The Red-headed Woodpecker (Melanerpes erythrocephalus) is about 8 inches long. This bird is easily recognized by the striking red coloring of its head, neck, throat, and upper breast, which contrasts with the white underparts and black upper parts of its body. Large white patches, formed by the secondary feathers and the inner tertial feathers, are visible on the wings. Moreover, the male and the female are similar. This species is found only in North America.
The Redhead (Aythya americana) is a well-known and widespread diving duck in North America. The adult male is a large, gray-backed, white-breasted duck with a brownish-rufous head and a black neck and throat. It resembles the male Canvasback which is larger than it. Seen up close, the head appears to be swollen, the forehead abruptly raised, and the beak broad and short, unlike the Canvasback which has a longer beak and receding forehead. The adult female is a large duck with a brown back, white breast, brown head, whitish chin, abruptly raised forehead, short, broad beak, and mottled pearl-grey wings. Although larger, it can easily be confused with the female Ring-necked Duck, as well as the Greater Scaup and Lesser Scaup.
The Summer Tanager (Piranga rubra) is a flamboyant bird with its fiery red plumage, perfect for any bird named “summer”. Part of the family Cardinalidae but formerly and occasionally still classified in the bird family Thraupidae, they are bold and showy birds that are however shyer than their stunning color suggests.
Vermilion Flycatcher (Pyrocephalus obscurus) is a small passerine bird found throughout South and Central America. Most flycatchers have rather dull plumage, but the vermilion flycatcher is a notable exception, with its vibrant orange-red belly and crown.
The Red Crossbill (Loxia curvirostra) has a very particular beak that gave it its name. Its crossed beak has two mandibles which allow it to extract seeds more easily. Most of its body is red except for its wings and black tail. In addition, the Red Crossbill is the typical bird of coniferous forests; it is found in Northern Europe, Asia, and North America. It is the most common and widespread of the crossbills.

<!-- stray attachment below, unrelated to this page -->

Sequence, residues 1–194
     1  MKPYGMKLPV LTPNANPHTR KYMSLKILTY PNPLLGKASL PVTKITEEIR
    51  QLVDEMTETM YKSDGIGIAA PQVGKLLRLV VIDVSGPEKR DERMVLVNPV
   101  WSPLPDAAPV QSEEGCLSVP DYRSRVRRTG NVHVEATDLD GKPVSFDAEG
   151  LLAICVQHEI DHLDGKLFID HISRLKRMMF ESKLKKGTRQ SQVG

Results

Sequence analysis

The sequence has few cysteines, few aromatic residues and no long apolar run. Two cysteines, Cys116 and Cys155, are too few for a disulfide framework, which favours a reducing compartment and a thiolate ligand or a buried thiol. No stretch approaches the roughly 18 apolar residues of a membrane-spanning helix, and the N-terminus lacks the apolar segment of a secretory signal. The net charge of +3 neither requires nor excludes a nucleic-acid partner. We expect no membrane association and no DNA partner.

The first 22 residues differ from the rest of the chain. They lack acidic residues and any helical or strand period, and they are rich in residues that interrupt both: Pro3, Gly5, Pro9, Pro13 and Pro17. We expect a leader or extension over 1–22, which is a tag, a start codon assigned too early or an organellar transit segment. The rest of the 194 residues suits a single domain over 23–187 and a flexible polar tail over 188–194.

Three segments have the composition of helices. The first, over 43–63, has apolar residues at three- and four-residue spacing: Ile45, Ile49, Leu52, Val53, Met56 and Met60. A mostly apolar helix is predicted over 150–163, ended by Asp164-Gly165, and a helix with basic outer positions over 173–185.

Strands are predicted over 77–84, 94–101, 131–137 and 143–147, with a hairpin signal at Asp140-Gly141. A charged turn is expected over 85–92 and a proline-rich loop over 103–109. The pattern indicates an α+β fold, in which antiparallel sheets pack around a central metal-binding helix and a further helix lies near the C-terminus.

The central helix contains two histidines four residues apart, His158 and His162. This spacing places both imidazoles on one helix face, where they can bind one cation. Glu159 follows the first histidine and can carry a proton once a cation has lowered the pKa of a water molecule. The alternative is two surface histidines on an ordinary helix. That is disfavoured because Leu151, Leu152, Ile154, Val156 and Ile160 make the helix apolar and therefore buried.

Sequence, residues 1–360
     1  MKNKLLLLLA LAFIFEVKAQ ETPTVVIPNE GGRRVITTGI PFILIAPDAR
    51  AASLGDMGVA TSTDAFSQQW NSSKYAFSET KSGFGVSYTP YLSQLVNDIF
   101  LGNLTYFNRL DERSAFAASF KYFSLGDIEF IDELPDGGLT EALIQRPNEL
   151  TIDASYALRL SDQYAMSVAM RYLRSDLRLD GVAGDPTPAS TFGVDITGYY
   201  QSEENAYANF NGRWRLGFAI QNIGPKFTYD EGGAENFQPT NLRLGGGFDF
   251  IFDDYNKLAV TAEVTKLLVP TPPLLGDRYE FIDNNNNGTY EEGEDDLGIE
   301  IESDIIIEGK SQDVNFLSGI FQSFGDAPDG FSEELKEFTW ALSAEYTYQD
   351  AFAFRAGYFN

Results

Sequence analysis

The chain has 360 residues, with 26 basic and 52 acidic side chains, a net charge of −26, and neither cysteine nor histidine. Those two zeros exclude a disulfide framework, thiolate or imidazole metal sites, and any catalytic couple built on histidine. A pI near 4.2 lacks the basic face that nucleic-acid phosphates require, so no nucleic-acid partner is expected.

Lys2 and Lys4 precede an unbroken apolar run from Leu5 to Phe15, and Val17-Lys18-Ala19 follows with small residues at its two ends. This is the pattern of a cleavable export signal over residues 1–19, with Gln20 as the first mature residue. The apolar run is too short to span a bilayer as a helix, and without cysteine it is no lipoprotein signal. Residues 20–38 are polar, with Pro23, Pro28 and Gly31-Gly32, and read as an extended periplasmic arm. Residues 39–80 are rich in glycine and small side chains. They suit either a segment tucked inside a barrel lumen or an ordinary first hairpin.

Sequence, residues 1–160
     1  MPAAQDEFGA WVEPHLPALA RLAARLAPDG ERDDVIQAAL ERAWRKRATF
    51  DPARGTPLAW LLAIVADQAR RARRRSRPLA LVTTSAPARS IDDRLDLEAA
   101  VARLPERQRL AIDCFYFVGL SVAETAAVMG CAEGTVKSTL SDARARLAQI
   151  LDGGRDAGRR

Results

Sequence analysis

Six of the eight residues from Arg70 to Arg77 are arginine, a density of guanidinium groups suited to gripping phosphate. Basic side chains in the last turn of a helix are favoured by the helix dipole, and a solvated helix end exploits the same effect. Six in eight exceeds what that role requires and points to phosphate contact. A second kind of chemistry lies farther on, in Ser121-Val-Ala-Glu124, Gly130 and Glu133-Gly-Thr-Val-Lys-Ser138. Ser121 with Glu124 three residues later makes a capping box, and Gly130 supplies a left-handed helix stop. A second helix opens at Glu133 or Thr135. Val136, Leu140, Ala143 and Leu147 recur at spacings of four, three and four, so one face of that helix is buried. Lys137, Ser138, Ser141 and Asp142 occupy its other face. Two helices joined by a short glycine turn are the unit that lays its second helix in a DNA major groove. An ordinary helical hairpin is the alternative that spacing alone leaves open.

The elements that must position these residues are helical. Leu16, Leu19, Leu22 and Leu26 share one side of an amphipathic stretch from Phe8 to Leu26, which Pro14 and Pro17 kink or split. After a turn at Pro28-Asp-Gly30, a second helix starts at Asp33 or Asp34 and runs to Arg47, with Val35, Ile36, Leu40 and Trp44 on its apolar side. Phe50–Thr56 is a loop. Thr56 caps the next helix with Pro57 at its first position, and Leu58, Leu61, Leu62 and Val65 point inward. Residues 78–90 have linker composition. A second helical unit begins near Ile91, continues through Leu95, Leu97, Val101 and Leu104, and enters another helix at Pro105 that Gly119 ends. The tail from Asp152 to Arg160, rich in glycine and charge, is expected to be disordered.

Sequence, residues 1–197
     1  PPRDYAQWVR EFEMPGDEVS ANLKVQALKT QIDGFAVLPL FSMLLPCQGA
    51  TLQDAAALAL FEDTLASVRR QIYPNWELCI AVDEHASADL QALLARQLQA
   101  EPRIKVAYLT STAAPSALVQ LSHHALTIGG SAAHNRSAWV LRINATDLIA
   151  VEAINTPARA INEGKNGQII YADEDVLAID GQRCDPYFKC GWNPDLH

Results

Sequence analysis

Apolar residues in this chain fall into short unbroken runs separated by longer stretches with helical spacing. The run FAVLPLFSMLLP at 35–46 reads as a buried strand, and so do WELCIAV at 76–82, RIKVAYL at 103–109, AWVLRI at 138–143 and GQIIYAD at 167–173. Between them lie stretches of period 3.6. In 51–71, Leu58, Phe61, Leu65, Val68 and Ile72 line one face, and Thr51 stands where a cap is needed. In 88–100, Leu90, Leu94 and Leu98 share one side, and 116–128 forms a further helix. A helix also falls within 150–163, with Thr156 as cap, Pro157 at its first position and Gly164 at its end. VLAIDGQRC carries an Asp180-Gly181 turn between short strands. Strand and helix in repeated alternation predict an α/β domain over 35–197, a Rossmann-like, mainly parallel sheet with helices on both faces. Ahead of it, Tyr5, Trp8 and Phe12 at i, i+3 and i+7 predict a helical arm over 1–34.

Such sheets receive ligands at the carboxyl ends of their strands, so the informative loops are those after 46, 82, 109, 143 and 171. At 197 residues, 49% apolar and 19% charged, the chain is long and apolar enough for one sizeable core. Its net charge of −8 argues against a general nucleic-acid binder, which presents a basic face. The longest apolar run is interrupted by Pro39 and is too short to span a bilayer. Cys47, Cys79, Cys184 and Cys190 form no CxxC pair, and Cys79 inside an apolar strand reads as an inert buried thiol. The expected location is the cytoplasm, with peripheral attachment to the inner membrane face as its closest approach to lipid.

The Cassin’s Finch (Haemorhous cassinii) is a small, stocky bird with a red crown, pale striped sides, and a pink breast. The female has a greenish plumage and has fine stripes on the sides. This species inhabits the mountainous regions of North America and prefers to nest in mature conifers.
This completes our list of the main species of red-headed birds found mainly in North America, although some do not hesitate to migrate south when the harsh winter sets in. We hope this will help you identify these magnificent specimens of birds more easily if you are lucky enough to spot them on your hikes!
Featured Image Credit: Jeff Caverly, Shutterstock
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Genevieve is a biologist and science writer and has a deep love for capuchin monkeys, pumas, and kangaroos, which has taken her around the world to work and volunteer for several wildlife rehabilitation centers. A Canadian expat, Genevieve now lives in Argentina, where she wakes up every morning to horses and cows saying hello from the vast plain next to her home office window. Having the privilege of sharing her knowledge and passion for animals of all kinds is what makes her fulfilled and happy.